When buying a used car, one of the questions you need to ask yourself is, “do I have to pay sales tax on used cars?”. And if you are buying a car from a private seller, this is something you will have to figure out alone, while with the dealer, most of the paperwork will be handled by them.
Do I have to pay sales tax on a used car? You have to pay sales tax on a used car. Furthermore, you will have to calculate your taxes alone and submit the documentation when registering a car. On the other hand, if you bought a car from a dealer, sales taxes will be added to your final bill.
Still, rules and regulations vary from state to state, and when making an out-of-state car purchase, you need to be really careful and know what you are doing. Keep reading and find out all about sales taxes when purchasing a used car.
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The sales taxes are also called consumption taxes, and they are imposed by the government on the sale of goods and services. So naturally, when you buy a used or new car, you will have to pay certain compensation to the state on that purchase. This tax is calculated as a percentage of the amount of money involved in the transaction.
As you know, taxes depend on the state and county you live in, and it is the same when it comes to sales taxes. Still, you can use an average number to get an approximate amount you will have to pay in taxes. The national average is around 5.7% of the car price. Still, in some states, this number can be lower, around 3%, or higher, about 8%. At the same time, some states don’t have sales taxes at all. Here is a list of the US states and their sales taxes in 2022.
|Sale tax rate
|California, Indiana, Mississippi, Rhode Island,Tennessee
|From 7% to 7.25%
|Minnesota, Nevada, New Jersey, Arkansas, Kansas, Washington, Connecticut, Illinois, Massachusetts, Texas, Florida, Idaho, Iowa, Kentucky, Maryland, Michigan, Pennsylvania, South Carolina, Vermont, West Virginia
|From 6% to 6,88%
|Utah, Ohio, Arizona, Maine, Nebraska, Virginia, New Mexico, North Dakota, Wisconsin
|From 5% to 5.95%
|North Carolina, Oklahoma, South Dakota, Louisiana, Missouri, Alabama, Georgia, Hawaii, New York, Wyoming, Colorado
|From 2.90% to 4.75%
|Alaska, Delaware, Montana, New Hampshire, Oregon
|Don’t have a sales tax.
Am I Paying a Sale Tax to the State Where I Bought a Car or Where I Live?
This is something that confuses many people who wish to buy a car from one state and live in another. But in essence, the rule is simple. You pay sales tax to the state where you register a car. So, if you bought a car from a person in Idaho and you live in Utah, you’ll pay sales tax in Utah. On the other hand, if you buy a car from a dealer, the sales tax will be included in the price, and the taxes will be paid to the state where the purchase has happened. There is also a fee called personal property tax on vehicle ownership, and it is a tax you will probably have to pay to the state you are living in once a year.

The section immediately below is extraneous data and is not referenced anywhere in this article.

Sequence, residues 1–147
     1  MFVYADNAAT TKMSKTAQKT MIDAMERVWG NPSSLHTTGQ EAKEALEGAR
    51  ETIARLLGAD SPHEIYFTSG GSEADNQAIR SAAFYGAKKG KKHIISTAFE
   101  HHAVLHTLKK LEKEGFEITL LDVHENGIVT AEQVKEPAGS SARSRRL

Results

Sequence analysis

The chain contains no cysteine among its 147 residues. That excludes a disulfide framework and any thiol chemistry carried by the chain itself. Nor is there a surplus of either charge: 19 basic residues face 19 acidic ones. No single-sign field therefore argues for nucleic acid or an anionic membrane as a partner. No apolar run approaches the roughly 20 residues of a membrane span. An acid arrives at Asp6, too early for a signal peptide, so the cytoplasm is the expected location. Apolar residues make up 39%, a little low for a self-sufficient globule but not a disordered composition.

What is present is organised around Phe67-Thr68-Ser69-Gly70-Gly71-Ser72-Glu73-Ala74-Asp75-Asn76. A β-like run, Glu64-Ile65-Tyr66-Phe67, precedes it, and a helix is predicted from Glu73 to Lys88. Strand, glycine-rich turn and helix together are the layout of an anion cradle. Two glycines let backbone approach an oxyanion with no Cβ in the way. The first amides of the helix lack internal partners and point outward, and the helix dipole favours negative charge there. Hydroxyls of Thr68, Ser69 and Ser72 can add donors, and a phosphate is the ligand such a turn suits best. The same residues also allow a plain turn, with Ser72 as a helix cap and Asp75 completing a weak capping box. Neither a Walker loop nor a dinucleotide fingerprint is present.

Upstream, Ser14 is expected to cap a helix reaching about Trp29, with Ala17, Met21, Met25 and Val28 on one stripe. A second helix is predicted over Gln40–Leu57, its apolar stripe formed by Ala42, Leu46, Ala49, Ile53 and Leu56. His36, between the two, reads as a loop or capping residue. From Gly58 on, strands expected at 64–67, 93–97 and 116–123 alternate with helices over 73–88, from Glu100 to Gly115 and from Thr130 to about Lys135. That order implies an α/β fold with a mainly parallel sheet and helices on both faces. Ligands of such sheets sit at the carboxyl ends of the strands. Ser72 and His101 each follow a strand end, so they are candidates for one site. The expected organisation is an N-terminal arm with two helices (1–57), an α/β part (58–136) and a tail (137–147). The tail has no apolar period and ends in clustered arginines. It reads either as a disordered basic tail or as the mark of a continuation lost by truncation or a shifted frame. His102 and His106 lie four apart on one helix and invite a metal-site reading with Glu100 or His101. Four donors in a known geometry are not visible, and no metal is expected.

Knowing how much sales tax is in your state is not enough. You will have to do some math or find someone to do these calculations for you. As we mentioned, if you purchase a vehicle from a dealer, he will calculate this into a final bill. But if this is not the case, you will have to use a calculator alone. Fortunately, the math is simple – take your state tax rate and multiply that number by the price of the car, and then divide everything by 100.
If you are a seller and you decide to sell your pre-owned car for less money than you bought it for, the IRS will consider this a capital loss and not impose any taxes on you. The rules are pretty different when you decide to sell the vehicle for a higher price than you bought it for – this will be considered a capital gain or profit and will be something the IRS will look up.
On the other hand, if you are a buyer and decide to purchase a used car, you will have to pay sales taxes because you are becoming an owner of something valuable. However, you will not pay taxes to your dealer or the person you buy a car from but to your DMV when you register a car. But tax is not the only fee that will be added to your car price. Here are other fees you can count on:
- Title Transfer Fees,
- Registration and Licensing Fees,
- Insurance fees.
The simple answer is yes, and even if you buy a car in a state without sales taxes, you will still have to pay once you register a car in your state. There may be ways to avoid paying sales taxes, but their legality is debatable. Also, keep in mind that most states have their own rules and exceptions when it comes to sales taxes, so before you purchase any vehicle, you must get all the information about the rules and, most importantly, your obligations. You don’t want to end up paying double in fees and fines in the end. After all, remember that the only things you can not escape in this life are death and taxes.